Now, with this background, let's circle back to the four claims raised in the USCIS press release used to justify scrapping the 2020 test to see if they pass muster.

  • Test Development Process. The 2020 test development was led by career officials from the Office of Citizenship and Applicant Information Services, and included representatives from the Field Operations Directorate (the part of the agency responsible for conducting naturalization interviews), the Office of the Chief Counsel, and the Office of Policy and Strategy. A notable number of career employees on the working group were involved in the development of the 2008-2009 test. Verdict: Fail.
  • Content. The 2020 test expanded the pool of possible questions from 100 to approximately 128. Some old questions were retained while others were rephrased to ensure sufficient number of questions within the easy/medium/hard buckets. All questions and answers were vetted by the Library of Congress for accuracy. Just like the 2008-2009 test, USCIS made all the new questions and answers publicly available to assist applicants in studying. Verdict: Fail.
  • Testing Procedures. While the revised test increased the total number of questions an applicant had to answer correctly (12 questions out of 20 instead of 6 out of 10), it retained the same passing score of 60 percent. The 2020 test did require applicants to answer all 20 questions regardless if they had reached a clear level of pass or fail. This was structured to provide the agency with concrete data on applicant knowledge and to ensure that all questions have equal likelihood of being asked. USCIS also maintained the status quo for applicants who qualify for special consideration (at least 65 years old and at least 20 years as a lawful permanent resident), only requiring them to answer six out of 10 questions correctly. Verdict: Fail.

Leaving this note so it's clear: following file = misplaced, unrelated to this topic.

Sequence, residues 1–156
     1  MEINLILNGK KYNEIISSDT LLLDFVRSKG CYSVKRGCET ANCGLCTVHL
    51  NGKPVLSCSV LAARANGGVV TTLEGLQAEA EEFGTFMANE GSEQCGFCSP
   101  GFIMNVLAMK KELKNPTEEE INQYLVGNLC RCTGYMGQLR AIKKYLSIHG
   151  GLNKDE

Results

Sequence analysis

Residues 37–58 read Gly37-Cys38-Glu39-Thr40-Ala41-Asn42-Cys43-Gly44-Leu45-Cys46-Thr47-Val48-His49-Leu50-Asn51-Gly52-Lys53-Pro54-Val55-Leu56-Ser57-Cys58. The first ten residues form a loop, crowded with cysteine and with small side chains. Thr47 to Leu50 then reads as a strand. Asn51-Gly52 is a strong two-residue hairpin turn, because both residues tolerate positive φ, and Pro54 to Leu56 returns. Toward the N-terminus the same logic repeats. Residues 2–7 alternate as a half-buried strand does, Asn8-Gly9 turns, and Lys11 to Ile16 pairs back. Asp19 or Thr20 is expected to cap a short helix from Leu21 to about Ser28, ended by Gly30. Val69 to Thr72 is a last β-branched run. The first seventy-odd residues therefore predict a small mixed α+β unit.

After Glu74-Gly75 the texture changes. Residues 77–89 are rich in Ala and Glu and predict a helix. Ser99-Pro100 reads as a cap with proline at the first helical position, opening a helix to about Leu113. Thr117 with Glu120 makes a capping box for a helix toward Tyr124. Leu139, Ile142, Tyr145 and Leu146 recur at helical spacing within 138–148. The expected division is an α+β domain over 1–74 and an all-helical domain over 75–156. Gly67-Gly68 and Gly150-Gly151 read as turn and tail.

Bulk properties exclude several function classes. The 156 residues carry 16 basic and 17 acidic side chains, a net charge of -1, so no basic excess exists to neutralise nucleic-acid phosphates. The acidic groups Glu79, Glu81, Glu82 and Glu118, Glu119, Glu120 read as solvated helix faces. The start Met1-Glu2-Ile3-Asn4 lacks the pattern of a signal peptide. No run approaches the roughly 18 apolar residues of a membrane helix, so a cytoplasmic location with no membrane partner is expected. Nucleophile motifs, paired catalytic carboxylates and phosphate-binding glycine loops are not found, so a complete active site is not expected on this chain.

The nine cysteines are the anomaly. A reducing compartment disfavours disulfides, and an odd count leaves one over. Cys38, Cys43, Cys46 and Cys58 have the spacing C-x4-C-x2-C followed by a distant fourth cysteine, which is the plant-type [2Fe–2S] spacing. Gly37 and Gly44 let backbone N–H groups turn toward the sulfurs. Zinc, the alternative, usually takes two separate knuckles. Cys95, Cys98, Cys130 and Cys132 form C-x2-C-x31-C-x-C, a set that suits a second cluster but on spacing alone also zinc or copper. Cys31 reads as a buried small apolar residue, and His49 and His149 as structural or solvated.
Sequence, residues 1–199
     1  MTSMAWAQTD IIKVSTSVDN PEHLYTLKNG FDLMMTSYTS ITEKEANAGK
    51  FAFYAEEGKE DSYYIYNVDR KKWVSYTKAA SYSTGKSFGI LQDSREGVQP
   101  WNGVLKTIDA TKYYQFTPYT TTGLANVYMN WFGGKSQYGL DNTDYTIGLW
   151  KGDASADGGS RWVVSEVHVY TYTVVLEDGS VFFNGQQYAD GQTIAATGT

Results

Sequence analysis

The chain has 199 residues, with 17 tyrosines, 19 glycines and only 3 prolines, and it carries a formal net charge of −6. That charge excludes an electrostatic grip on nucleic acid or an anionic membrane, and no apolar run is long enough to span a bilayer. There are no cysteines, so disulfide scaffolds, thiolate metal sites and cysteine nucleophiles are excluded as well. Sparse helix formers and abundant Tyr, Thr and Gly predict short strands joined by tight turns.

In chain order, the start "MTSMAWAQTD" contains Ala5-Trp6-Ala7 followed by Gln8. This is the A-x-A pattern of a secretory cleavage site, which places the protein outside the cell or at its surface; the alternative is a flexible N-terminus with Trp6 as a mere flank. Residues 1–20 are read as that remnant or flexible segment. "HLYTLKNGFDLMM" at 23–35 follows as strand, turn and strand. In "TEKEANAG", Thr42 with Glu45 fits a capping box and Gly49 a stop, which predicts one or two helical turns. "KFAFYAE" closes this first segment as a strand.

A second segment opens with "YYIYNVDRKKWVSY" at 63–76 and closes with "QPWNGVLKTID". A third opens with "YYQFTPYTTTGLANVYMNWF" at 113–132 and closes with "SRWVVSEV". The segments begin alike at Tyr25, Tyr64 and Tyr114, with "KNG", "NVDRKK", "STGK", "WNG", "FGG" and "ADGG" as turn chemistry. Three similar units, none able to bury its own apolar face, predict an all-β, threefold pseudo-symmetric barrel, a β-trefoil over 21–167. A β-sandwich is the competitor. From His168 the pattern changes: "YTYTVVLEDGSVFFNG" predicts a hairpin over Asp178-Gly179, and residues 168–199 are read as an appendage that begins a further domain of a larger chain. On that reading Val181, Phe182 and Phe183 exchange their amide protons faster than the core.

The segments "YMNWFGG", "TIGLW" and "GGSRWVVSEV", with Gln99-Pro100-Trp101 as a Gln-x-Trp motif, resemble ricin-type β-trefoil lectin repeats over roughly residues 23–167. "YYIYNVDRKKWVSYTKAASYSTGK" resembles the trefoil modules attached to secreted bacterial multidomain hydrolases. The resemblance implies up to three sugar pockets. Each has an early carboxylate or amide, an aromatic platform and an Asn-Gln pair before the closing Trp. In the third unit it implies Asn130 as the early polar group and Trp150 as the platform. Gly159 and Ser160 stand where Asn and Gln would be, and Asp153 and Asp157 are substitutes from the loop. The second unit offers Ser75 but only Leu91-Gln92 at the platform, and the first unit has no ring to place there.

• Implementation Schedule. USCIS announced on November 13, 2020, that the revised test would kick in for applicants who applied for naturalization on or after December 1, 2020. Given current processing times, that meant the earliest possible date of the revised test being administered was late January/early February. This implementation structure provided plenty of time for applicants to study the new material and for USCIS to thoroughly train officers on the new test. Verdict: Fail.

Not to pile on, but a USCIS source tells me that the passage rate from the small sample size of applicants subject to the 2020 test is nearly identical to the passage rate from the 2008-2009 test. So where exactly is the barrier to naturalizing? How does this version of the test make naturalization less accessible?

These justifications are nonexistent and baseless. Another description is arbitrary and capricious. As you can see, the 2020 test revision complied with all statutory and regulatory requirements and was developed through a fair and transparent process. While the Biden political appointees at USCIS are high-fiving each other (virtually) for killing the "Trump" civics test, all they have actually accomplished is disparaging and dismissing the commendable work of career professionals.